Older Americans Month: “Safe Today, Healthy Tomorrow”
In 1963, President John F. Kennedy selected the month of May as “Senior Citizens Month” to honor their contributions to our communities and to our nation. Although the name was later changed to “Older Americans Month,” the purpose remains the same — to celebrate the positive impact of older adults on our society and their great contributions throughout our history.
In 1963, 17 million Americans were over the age of 65. Today, there are over 40.3 million people age 65 and older. There are now more Americans age 65 and older than at any other time in United States history. This astounding number will rapidly increase in the next decade or so. Major strides have been made in public health strategies to support older adults in remaining healthy, active members of their communities.
This year, the national theme for Older Americans Month is “Safe Today, Healthy Tomorrow” to raise awareness of the importance of learning how to stay healthy and prevent chronic diseases as we grow older.
“Get out and exercise.”
“Some of the biggest safety issues facing seniors today are serious or minor falls, harmful environments, and poor medication management. The advice I would give to seniors to stay healthy is to get out and exercise. Whether it’s visiting friends and family, staying active is key for living a healthier lifestyle and to prevent future chronic diseases,” says William Zirker, M.D. M.P.H., chief of the Division of Geriatrics at Crozer-Chester Medical Center and medical director of Crozer Keystone Health System (CKHS) Senior Health Services. Zirker, who is a past president of the Eastern Pennsylvania Geriatrics Society., specializes in Geriatric Medicine and Internal Medicine at Crozer-Keystone.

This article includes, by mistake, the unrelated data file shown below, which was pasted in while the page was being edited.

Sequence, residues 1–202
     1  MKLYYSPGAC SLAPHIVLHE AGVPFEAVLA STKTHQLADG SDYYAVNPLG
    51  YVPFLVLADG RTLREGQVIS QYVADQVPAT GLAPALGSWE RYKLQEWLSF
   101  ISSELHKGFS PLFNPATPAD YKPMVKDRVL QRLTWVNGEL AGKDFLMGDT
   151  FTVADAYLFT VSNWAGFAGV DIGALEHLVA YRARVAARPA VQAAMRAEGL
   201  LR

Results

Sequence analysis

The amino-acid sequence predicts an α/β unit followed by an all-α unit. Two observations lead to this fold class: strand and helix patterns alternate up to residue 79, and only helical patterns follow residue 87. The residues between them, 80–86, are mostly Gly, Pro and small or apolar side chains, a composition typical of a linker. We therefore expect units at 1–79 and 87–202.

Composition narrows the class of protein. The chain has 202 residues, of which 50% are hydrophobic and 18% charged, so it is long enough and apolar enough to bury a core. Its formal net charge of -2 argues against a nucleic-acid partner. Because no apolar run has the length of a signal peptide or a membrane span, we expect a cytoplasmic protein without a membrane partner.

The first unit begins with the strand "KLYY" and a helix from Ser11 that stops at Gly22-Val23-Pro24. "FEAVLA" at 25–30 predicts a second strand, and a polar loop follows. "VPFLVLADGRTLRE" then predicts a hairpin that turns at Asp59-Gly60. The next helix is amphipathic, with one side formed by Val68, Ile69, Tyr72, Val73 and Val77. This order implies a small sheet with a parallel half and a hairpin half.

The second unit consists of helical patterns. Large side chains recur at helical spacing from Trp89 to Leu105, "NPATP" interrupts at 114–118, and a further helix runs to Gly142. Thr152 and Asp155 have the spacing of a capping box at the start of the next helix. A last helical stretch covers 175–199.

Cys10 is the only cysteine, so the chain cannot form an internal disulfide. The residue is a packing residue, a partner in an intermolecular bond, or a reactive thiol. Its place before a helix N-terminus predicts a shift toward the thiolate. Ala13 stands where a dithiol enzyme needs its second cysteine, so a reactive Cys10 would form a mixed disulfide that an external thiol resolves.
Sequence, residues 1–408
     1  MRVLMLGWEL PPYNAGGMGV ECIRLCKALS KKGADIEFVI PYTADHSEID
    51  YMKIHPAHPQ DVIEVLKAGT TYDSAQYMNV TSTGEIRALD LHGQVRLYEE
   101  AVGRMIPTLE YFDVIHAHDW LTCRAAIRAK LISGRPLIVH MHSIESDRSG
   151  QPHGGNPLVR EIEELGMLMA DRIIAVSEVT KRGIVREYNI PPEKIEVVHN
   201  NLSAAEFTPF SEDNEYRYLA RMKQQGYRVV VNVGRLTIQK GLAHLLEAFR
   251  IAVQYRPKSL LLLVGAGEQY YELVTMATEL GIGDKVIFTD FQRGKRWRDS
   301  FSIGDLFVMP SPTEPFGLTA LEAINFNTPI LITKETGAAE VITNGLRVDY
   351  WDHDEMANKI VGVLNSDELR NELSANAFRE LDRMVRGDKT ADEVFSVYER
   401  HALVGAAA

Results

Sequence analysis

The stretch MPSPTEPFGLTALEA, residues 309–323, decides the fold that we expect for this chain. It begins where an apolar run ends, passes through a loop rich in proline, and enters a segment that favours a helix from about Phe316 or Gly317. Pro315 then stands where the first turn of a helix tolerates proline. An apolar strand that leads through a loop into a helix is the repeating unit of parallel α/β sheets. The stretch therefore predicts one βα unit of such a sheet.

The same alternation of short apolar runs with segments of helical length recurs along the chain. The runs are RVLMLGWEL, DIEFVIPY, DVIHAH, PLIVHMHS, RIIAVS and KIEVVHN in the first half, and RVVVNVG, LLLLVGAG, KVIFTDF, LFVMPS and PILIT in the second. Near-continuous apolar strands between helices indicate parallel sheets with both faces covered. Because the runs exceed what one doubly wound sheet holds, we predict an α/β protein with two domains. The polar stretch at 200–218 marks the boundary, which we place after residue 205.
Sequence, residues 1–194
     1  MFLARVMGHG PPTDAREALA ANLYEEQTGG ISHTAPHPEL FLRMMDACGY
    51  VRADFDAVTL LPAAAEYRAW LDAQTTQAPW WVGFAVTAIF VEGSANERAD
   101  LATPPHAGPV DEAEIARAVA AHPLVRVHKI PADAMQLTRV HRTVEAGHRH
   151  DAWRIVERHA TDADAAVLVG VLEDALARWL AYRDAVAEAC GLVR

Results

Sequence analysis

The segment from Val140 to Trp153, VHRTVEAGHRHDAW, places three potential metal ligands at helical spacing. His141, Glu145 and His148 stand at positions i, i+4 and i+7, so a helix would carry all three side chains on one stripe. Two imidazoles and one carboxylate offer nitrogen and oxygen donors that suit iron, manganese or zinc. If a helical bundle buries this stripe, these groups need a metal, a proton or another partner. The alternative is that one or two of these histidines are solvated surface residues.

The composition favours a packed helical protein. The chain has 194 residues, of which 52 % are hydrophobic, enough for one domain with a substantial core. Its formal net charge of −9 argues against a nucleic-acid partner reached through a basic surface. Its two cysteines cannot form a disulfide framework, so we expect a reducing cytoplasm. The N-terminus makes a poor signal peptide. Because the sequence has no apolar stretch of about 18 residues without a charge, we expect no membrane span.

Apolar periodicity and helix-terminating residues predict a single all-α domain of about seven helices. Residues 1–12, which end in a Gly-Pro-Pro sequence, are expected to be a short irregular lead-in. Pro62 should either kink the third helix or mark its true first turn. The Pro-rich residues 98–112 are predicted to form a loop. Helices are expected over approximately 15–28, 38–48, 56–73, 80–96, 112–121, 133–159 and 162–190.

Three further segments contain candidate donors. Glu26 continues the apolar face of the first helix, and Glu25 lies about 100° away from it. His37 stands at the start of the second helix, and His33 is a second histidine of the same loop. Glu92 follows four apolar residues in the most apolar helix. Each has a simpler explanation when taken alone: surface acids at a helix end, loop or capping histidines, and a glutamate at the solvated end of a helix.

“It’s very important to take the proper steps for maintaining a healthy lifestyle,” Zirker says. “In order to maintain good health, he says, the most important thing to do is to exercise and eat a healthy diet — for example, walk at least three hours a week, do some light-weight training, eat a good breakfast, and remain active. Doing these things, he says, can help prevent future chronic diseases and improve mental functioning and physical appearance.”
Crozer-Keystone has acknowledged the unique needs of older adults in Delaware County, and has lived up to its goal of offering reliable aging-specific services. Over the last 12 years, CKHS has consciously developed services and implemented programs to better meet the needs of older patients and their families.
These programs include:
• The Crozer-Keystone Center for Geriatric Medicine, the Geriatric Evaluation and Management (GEM) Program, and the Comprehensive and Memory Clinic Program — all staffed by board-certified and fellowship-trained geriatricians.
• Senior Behavioral Health Services, with board-certified geriatric psychiatrists
• The Gait and Balance Center at Springfield Hospital.
• The Acute Care of Elders impatient unit at Crozer-Chester Medical Center
• The Senior Health Services Department with a dedicated toll-free Senior Support Line: 1-800 CKHS-KEY (1-800-254-7539).
• “The Crozer-Keystone Village (CK Village), which provides access to a community of health and wellness services, including trusted Crozer-Keystone affiliated service providers ready to make life easier for active adults age 50 and over.
Concierge-style” services through CK Village, a strong collaboration with area long-term care facilities.
• Medicare-funded care transitional care initiatives.
• The Geriatric Resource Center at Springfield Hospital
"The comprehensive services we offer speaks to our commitment to provide quality care for older adults whether it's in our acute care hospitals, physician offices or other post-acute care services. We remain tireless in our mission to improve the overall health of older adults in Delaware County and our surrounding communities,” says Barbara Alexis Looby, administrative director of Senior Health Services for Crozer-Keystone Health System.
Here at Crozer-Keystone we continue to urge our older adult community to be “safe today, healthy tomorrow.” We salute all of our older patients and their families, we acknowledge their contributions to our community, and we honor them by affording them the opportunity to access quality, patient-centered senior-sensitive care at Crozer-Keystone Health System.
For more information about senior services at Crozer-Keystone Health System, please call 1-800-CKHS-KEY (1-800-254-7539) or visit http://www.crozerkeystone.org/services/seniors/.